The 5 Habits of Effective Executives

An effective executive in today’s business environment is a person who knows his priorities, makes decisions based on the right information and manages employees to achieve company goals. He is a leader who inspires employees to work hard and meet company objectives. An effective executive is also proactive about learning from mistakes made by himself and other people, so he can improve the company. He is able to set up productive meetings with clear agendas and promote transparency with team members.

Peter Drucker, a prolific writer who authored 39 books on management and leadership, is often referred to as the father of modern management. His book, “The Effective Executive,” is a guide to helping executives reach their full potential by managing themselves and others effectively. He provides tips on concentrating on strengths, setting clear priorities and making the right decisions.

One of the first things an effective executive does is ask himself, “What is the right thing to do?” He takes into account all of the consequences that will result from his decision. He looks at the desired results, probable restraints, possible future revisions, check-in points and implications for how he will spend his time.

He then determines the task that will produce the desired result and focuses his attention on it. He does not allow his attention to be diverted by other urgent issues or whims. This may require imposing limits on his phone, email and social-networking time or working early in the day to avoid distractions.

To maximize productivity, an effective executive¬†Mark Morabito carries out the tasks that will provide the most bang for his buck. He does not do menial chores that do not contribute to the company’s success. He does not allow himself to be distracted by the needs of those who do not have his authority and he keeps in mind his role as a leader.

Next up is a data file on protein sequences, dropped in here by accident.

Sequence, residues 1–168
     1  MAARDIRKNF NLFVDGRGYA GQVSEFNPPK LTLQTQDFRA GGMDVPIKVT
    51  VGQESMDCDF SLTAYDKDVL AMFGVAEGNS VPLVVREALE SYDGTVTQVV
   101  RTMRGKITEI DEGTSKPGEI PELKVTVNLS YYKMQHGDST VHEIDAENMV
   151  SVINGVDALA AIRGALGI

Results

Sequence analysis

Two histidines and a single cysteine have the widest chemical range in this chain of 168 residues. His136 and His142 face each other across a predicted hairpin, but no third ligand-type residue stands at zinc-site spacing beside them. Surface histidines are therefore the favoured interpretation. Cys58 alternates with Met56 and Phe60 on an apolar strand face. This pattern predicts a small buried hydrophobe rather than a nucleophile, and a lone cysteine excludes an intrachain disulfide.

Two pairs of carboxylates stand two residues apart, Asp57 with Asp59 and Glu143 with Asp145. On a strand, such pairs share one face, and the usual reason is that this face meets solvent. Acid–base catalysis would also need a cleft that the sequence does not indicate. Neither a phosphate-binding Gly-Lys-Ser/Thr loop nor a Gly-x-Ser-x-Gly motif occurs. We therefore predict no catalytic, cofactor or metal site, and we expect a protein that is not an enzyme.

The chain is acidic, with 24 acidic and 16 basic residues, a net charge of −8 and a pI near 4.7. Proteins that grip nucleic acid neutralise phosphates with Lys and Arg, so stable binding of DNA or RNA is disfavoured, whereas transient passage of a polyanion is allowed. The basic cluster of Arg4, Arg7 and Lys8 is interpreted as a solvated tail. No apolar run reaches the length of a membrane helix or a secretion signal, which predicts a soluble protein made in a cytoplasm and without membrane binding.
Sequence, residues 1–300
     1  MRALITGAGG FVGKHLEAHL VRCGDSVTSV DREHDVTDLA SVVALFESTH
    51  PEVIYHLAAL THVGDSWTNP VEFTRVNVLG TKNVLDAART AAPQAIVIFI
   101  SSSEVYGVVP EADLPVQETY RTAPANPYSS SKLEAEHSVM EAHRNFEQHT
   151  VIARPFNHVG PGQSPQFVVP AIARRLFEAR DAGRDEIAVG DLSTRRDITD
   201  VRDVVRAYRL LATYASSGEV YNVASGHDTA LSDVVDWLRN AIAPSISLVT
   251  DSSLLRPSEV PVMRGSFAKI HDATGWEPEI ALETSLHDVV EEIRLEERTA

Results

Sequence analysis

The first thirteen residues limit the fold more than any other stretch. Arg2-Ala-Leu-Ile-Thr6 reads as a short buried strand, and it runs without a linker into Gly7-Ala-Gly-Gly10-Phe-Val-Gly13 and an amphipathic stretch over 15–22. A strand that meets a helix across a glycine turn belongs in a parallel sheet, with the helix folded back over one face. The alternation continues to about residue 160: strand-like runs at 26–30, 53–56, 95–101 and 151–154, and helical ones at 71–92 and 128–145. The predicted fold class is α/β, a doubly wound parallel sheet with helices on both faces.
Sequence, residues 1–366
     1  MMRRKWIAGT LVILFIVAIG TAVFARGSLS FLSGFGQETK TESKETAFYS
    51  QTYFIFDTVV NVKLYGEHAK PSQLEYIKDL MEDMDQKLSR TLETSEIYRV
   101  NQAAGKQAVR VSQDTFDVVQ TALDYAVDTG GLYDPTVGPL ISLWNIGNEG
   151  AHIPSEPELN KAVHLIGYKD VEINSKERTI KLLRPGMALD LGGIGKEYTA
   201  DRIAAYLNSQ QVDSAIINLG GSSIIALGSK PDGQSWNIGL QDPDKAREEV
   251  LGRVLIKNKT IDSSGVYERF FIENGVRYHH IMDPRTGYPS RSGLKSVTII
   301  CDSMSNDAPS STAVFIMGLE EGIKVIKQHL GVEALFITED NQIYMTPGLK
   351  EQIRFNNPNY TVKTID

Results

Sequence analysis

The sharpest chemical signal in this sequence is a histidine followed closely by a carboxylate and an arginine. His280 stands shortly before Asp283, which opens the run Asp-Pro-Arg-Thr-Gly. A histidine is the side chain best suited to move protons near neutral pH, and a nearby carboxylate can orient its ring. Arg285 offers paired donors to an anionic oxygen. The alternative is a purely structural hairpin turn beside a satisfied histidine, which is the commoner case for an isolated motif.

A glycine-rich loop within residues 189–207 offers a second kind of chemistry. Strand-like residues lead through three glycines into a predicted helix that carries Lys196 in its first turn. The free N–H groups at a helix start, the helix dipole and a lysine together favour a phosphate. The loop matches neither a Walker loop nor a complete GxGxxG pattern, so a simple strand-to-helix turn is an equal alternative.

Then he decides how to delegate the other tasks and determines the person who is best suited for each job. He assigns these tasks and sets deadlines. He follows up on progress regularly and makes changes to the plan when necessary.

Lastly, he tries to keep his own focus on contributions, not the size of his paycheck. He knows that the more he gives to the company, the better he will do. This means he must not be afraid to let go of some of his pet projects and focus on the ones that will most benefit the company.

An effective executive is not necessarily a natural leader in the traditional sense of the word. He does not need to be extroverted or outgoing and can be a quiet, thoughtful individual. He is not a control-freak, but he has to be in a position to lead his people and motivate them to make important contributions to the company’s success. He can even be self-employed. In fact, many people who are affluent in their own businesses are referred to as executives because they have a substantial financial interest.